Organic Compost: Your Guide to Green-Fingered Glory

by Megan Kioulafofski
organic compost

If you’re looking for eco-friendly living tips for sustainable living, today we’ll discuss all about how to give your plants the best start and the most protection over winter, with organic compost

Each different mix of compost soil is full of nutrients, good things and PH-appropriate food, but which one is right for your garden? Should you try DIY composting, or should you buy it in bulk from the garden centre? 

To help you decide, in this blog we’re going to look at:

  • What is compost?
  • The different kinds for different plants.
  • How to create your own compost bin.

As far as composting goes, there’s not one size fits all. Plants are as individual as people, so let’s get gardening the right way…

What Is Compost Soil?

In its most basic form, compost is selected organic matter that has decomposed down into a dry, dark brown material, which can improve the condition of your soil. We’re talking branches, leaves, banana peels, grass, food scraps, whatever – they can all be thrown in the compost bin to be recycled. 

Some commercial producers include in their compost additional nutrition such as plant food granules or specific PH level loam, but there are plenty (maybe too many) options to choose from:

1. Multi-purpose Compost

A mix of peat and woodland fibres (leaves and bark), this compost is most commonly used by beginner gardeners. The appeal of a mix that’s generally good for everything is hard to resist, and can be helpful for a while. But in the long run this compost soil isn’t ideal for all kinds of plants to reach maximum growth. And the peat included isn’t good for the environment either!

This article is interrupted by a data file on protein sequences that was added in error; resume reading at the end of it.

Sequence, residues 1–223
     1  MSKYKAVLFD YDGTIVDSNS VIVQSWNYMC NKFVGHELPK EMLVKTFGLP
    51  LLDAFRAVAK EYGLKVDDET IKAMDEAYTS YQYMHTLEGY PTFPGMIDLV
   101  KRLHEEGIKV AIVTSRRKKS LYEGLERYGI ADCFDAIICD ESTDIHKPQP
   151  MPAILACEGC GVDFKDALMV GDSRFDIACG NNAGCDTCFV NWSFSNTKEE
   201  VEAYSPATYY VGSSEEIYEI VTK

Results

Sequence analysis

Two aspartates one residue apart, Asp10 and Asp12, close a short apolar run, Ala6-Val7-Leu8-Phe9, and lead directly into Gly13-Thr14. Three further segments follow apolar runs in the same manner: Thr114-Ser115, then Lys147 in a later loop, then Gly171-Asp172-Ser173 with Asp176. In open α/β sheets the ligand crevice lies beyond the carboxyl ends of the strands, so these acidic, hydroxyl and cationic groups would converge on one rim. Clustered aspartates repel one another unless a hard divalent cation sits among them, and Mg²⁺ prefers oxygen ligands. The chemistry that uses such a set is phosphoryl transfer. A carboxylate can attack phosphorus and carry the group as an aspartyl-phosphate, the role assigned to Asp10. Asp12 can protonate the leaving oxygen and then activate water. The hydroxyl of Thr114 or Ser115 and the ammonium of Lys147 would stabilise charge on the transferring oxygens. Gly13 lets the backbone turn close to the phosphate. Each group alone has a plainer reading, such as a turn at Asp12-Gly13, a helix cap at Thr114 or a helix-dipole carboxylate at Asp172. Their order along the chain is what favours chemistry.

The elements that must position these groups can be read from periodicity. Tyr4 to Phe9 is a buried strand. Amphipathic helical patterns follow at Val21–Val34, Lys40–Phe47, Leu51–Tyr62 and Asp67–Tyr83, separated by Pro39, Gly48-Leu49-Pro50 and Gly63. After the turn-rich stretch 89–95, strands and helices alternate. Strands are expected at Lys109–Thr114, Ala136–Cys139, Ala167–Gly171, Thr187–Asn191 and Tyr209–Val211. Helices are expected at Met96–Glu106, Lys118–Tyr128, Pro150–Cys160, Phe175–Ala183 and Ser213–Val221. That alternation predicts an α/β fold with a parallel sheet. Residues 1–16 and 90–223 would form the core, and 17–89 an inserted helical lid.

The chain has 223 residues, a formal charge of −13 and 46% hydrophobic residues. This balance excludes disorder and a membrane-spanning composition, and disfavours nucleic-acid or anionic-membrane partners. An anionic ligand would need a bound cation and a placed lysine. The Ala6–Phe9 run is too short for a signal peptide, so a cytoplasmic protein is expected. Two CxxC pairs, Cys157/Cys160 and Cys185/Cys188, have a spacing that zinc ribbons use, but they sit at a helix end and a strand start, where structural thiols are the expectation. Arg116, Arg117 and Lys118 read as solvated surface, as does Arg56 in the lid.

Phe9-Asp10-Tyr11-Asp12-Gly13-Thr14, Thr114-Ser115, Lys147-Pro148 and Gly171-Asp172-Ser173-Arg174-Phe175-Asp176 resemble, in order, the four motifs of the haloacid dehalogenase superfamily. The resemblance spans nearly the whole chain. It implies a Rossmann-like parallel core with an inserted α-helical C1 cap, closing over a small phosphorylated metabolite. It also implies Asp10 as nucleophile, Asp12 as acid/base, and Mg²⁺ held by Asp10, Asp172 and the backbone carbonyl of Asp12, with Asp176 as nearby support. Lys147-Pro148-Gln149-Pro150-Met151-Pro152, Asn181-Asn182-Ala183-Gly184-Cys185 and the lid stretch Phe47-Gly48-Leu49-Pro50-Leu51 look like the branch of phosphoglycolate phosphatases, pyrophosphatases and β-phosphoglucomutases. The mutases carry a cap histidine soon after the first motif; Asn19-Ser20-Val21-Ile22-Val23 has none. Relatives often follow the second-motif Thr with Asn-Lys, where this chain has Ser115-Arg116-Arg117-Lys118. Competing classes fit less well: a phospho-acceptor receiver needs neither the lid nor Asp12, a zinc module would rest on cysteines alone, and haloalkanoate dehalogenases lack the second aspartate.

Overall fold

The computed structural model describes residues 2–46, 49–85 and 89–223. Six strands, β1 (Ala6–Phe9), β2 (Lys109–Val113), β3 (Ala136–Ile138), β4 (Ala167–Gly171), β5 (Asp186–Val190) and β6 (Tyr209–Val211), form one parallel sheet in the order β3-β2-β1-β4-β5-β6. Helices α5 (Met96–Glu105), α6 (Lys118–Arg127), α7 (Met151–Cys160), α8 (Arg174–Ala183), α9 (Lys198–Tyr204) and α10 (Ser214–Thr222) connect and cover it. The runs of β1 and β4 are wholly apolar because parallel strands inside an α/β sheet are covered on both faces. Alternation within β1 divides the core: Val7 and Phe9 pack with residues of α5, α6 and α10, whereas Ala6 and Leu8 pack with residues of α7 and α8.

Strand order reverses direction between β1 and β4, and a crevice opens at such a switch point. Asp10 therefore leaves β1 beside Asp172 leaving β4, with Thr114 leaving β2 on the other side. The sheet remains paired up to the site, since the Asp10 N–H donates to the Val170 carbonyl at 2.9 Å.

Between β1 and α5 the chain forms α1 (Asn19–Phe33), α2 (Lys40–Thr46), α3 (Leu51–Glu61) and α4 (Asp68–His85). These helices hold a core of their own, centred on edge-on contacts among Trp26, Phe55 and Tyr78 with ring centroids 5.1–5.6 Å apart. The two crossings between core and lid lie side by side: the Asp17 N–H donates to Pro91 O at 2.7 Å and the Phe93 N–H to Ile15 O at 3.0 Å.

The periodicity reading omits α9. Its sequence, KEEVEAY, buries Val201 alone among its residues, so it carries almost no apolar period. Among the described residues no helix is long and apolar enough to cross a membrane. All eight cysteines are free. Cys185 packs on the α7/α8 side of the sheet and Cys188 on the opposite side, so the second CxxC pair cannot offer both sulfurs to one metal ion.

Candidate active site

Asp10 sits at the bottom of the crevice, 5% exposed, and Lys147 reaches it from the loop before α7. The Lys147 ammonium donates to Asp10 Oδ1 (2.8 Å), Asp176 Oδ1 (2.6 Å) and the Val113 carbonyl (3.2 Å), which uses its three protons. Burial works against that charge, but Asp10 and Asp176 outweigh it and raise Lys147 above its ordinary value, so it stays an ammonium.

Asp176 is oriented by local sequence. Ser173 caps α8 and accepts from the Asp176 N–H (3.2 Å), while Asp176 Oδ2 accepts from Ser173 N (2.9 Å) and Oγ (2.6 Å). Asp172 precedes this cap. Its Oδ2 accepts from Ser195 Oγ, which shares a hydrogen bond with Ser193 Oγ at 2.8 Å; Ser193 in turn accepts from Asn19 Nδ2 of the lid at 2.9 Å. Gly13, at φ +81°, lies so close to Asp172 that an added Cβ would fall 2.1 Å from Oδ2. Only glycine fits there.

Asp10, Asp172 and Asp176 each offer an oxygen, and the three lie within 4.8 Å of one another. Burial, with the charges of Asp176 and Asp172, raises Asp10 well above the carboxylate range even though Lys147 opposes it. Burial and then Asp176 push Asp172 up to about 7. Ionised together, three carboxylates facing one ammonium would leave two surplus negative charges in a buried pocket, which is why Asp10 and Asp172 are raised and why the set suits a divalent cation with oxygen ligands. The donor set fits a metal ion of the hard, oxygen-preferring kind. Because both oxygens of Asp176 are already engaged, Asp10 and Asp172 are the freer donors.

2. Peat Free Compost

It’s the negative environmental impact of peat harvesting that’s helping peat-free mixes grow in popularity among those wishing to join the zero waste journey. Instead of taking valuable swamp-land peat, peat free compost contains organic materials like wood and green waste, as well as coconut fibres, mixed with inorganic matter, to replicate the nutrient and moisture-retention properties. DIY composting makes peat-free compost as well, but it’s a more costly and lengthy process.

3. Loam Based Compost

If you’ve got heavy, hard to drain soil, you probably need to look into loam-based compost. Loam is a kind of soil that mixes sand, silt and clay to improve drainage and water retention when needed. Compost which includes loam, such as John Innes varieties, is a great nutrient boost for your plants.

4. Ericaceous Mixes

You may have seen Ericaceous mixes in the compost aisle as well. Having a higher PH level, these are best used when your soil PH is too low, when there’s too much lime in the soil or if you have acid soil-loving plants.

5. Manure Compost

If you just need to improve the nutrients in your soil and nothing else, then consider using manure. You can buy it from your local council or garden centre and it’s an excellent soil conditioner or mulch. Mix it into your borders in winter for new growth in spring.

6. Specialist Compost Mixes

Specialist mixes can also be found if you want to be the perfect gardener. You can find aquatic compost, cacti mixes, alpine varieties and more which are optimized for a specific kind of plant.

compost soil

The Different Kinds, For Different Plants